The cardholder believes the charge was unauthorized.If the purchase was a card-present transaction, provide a copy of the transaction receipt and an imprint of the card. If the purchase was a card-not-present transaction, provide a copy of the transaction receipt and any details associated with the purchase (such as signed contracts or proof of delivery).
The amount charged to the card differs from what was agreed upon.Provide proof that a refund has been issued. If a refund is not due, explain why the charge is valid.
The cardholder claims to have used a different form of payment.If the refund request is valid, provide proof that credit has been issued. If the charge is unrelated to the other payment that was made, provide proof that both transactions are legitimate. If there was no other payment made, provide proof that the charge is the only transaction you have on file.
The cardholder isn’t disputing the purchase, but would like additional information.Provide the requested documents.
A charge relating to damages, theft, or loss is being questioned.Provide proof that credit has been issued. Or, provide the following: the rental agreement, an itemized explanation of the charge, proof the cardholder agreed in writing to accept responsibility for the transaction, and proof the cardholder agreed in writing to use American Express to pay the charge.

If you don’t respond to inquiries within the given time limits or you don’t respond with the correct information, the case will advance to the next phase: a chargeback.

A Complete Listing of all American Express Chargeback Reason Codes

There are a number of reasons why customers dispute transactions. American Express uses unique codes to explain those reasons to merchants.

American Express chargeback reason codes are divided into five categories: authorization, cardmember disputes, fraud, processing errors, and miscellaneous.

Each chargeback reason has its own, individual prevention techniques. And, each code has unique compelling evidence requirements if you choose to fight. Click on the categories below to view the American Express chargeback reason codes and access tips to help manage each one.

A01 - Charge Amount Exceeds Authorization Amount

A02 - No Valid Authorization

A08 - Authorization Approval Expired


C02 - Credit Not Processed

C04 - Goods/Services Returned or Refused

C05 - Goods/Services Canceled

C08 - Goods/Services Not Received or Only Partially Received

C14 - Paid by Other Means

C18 - "No Show" or CARDeposit Cancelled

C28 - Cancelled Recurring Billing

C31 - Goods/Services Not as Described

C32 - Goods/Services Damaged or Defective


F10 - Missing Imprint

F24 - No Cardmember Authorization

F29 - Card Not Present

F30 - EMV Counterfeit

F31 - EMV Lost/Stolen/Non-Received


P01 - Unassigned Card Number

P03 - Credit Processed as Charge

P04 - Charge Processed as Credit

P05 - Incorrect Charge Amount

P07 - Late Submission 

P08 - Duplicate Charge 

P22 - Non-Matching Card Number

P23 - Currency Discrepancy


R03 - Insufficient Reply

R13 - No Reply

M01 - Chargeback Authorization


Prohibited Business Types

Some businesses are not allowed to accept American Express cards as a form of payment. Eligibility is based on several things; one factor is the type of goods or services being offered.

The following is a list of prohibited business types:

  • Adult Entertainment
  • Check Cashing
  • Debt Collection (payday loans, bail bonds, bankruptcy litigation, etc.)
  • Door-to-Door Sales (unsolicited vendor sales)
  • Escort Services
  • Non-Licensed Massage Parlors
  • Financial Services (mutual funds, foreign exchanges, etc.)
  • Future Services (investments in the future maturity of goods like the stock market, wine, horse breeding, precious metals, etc.)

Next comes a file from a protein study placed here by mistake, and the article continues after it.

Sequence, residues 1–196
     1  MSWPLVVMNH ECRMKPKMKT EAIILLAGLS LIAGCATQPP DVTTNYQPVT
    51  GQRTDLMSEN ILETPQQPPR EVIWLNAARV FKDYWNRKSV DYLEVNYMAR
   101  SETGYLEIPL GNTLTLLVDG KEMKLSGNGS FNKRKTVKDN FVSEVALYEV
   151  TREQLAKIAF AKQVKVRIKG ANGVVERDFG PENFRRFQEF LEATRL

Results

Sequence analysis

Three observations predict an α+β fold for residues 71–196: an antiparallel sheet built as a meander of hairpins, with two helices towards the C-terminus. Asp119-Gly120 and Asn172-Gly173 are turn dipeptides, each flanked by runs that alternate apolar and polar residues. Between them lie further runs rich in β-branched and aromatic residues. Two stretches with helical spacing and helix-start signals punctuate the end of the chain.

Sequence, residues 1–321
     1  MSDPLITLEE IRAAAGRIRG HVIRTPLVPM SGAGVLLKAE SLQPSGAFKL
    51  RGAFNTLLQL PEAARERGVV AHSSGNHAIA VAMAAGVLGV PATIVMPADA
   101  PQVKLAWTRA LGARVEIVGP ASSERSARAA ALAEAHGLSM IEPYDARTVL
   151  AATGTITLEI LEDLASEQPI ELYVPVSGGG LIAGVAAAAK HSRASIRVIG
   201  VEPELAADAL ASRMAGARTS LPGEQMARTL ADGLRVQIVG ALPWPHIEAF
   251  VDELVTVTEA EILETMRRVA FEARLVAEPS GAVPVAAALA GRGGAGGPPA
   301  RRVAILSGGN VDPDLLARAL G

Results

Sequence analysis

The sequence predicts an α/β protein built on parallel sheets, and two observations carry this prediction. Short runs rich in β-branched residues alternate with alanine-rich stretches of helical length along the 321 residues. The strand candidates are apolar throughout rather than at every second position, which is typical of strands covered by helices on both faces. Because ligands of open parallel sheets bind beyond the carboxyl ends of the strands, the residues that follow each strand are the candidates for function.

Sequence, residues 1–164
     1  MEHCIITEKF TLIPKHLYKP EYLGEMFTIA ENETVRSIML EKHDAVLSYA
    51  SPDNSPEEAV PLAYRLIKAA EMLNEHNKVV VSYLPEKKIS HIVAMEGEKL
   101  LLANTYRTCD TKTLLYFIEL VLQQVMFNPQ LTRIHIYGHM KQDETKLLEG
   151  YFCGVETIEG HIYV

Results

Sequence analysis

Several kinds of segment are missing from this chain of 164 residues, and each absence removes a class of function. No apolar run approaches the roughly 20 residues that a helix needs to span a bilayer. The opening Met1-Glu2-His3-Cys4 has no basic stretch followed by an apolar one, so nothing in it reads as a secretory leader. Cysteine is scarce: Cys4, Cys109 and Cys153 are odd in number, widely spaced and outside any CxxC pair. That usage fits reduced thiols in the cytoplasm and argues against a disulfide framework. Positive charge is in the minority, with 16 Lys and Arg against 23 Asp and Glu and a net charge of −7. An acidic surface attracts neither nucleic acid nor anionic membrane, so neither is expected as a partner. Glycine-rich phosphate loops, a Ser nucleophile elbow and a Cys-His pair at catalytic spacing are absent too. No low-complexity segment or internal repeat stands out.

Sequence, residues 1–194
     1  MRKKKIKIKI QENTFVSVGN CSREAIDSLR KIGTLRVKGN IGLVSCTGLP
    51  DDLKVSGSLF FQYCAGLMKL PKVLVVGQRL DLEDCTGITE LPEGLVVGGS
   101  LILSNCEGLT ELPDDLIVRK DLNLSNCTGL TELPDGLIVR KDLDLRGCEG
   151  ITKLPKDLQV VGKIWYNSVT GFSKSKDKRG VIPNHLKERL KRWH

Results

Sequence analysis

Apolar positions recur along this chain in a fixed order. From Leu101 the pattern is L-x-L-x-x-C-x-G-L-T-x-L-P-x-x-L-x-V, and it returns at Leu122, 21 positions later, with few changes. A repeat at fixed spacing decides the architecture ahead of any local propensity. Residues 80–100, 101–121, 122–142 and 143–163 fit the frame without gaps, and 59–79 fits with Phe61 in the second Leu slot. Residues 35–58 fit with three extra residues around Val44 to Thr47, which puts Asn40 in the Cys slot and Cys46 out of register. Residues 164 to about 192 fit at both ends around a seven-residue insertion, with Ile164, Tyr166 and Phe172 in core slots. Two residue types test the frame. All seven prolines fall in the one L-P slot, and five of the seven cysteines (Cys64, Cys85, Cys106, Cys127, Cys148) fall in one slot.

• Gambling (casinos, betting or wagering at race tracks, internet gambling, etc.)
  • Marijuana-Related Business (manufacturing, processing, distributing, dispensing, etc.)
  • Multi-Level Pyramid Sales
  • Timeshares (selling partial ownership of a property for use at regularly fixed times)

If your business is a mixed business — meaning you sell some of these goods or services along with other non-prohibited items — you should not allow customers to use an American Express card to pay for anything that’s been banned. If you do, you’ll receive a chargeback with no option for a chargeback reversal.

You will probably also be enrolled in a chargeback monitoring program. Chargeback monitoring programs include penalties and additional fees.

American Express Tools That Help Prevent Chargebacks

There are dozens of things you can do to prevent chargebacks. For example, we have suggestions on how to improve your business practices, return policy, and customer experience — all to help reduce your risk of disputes.

American Express has even more tactics to prevent chargebacks.

For card-present transactions, American Express encourages merchants to upgrade to EMV or chip-enabled POS terminals. This helps reduce the risk of processing transactions on counterfeit cards.

For card-not-present transactions, American Express urges merchants to share as much information as possible with the card brand. This helps American Express identify legitimate transactions and easily resolve customer disputes. It can also help detect and block fraud.

There are four opportunities for merchants to share transaction information with American Express:

  • Enhanced Authorization - This authorization process gives merchants the opportunity to send additional data elements, such as email, IP address, and shipping information. American Express checks this information in the background for potential indicators of fraud.
  • SafeKey - This identity verification tool uses the industry standard 3D Secure (similar to brand-specific products like Verified by Visa and Mastercard SecureCode). If you authenticate transactions with SafeKey, you will not be liable for any fraud-related disputes.
  • American Express Token Service - This secure payment method eliminates the need for you to store real card account information. This reduces your risk exposure.
  • Verify-It - This web-based tool validates billing name and address information so you can cancel suspected fraudulent transactions before sending merchandise to the customer.

Want Help Managing American Express Chargebacks?

American Express chargebacks are different than Visa and Mastercard’s. And managing multiple processes can be stressful.

But the reality is...these differences aren’t something you should have to worry about!

At Kount, we believe the challenge of running a business should be delivering great products or services, not managing payment risk. Concerns about brand-specific expectations shouldn’t occupy another second of your time.

Your focus should be growing your business — Kount can handle your chargebacks. Sign up for a demo today, and find out how Kount can remove the complexities of payment disputes.

Schedule a demo

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Jessica Velasco

Content Manager for Marketing

For nearly a decade, Jessica Velasco has been a thought leader in the payment dispute industry. She aims to provide readers with valuable, easy-to-understand resources.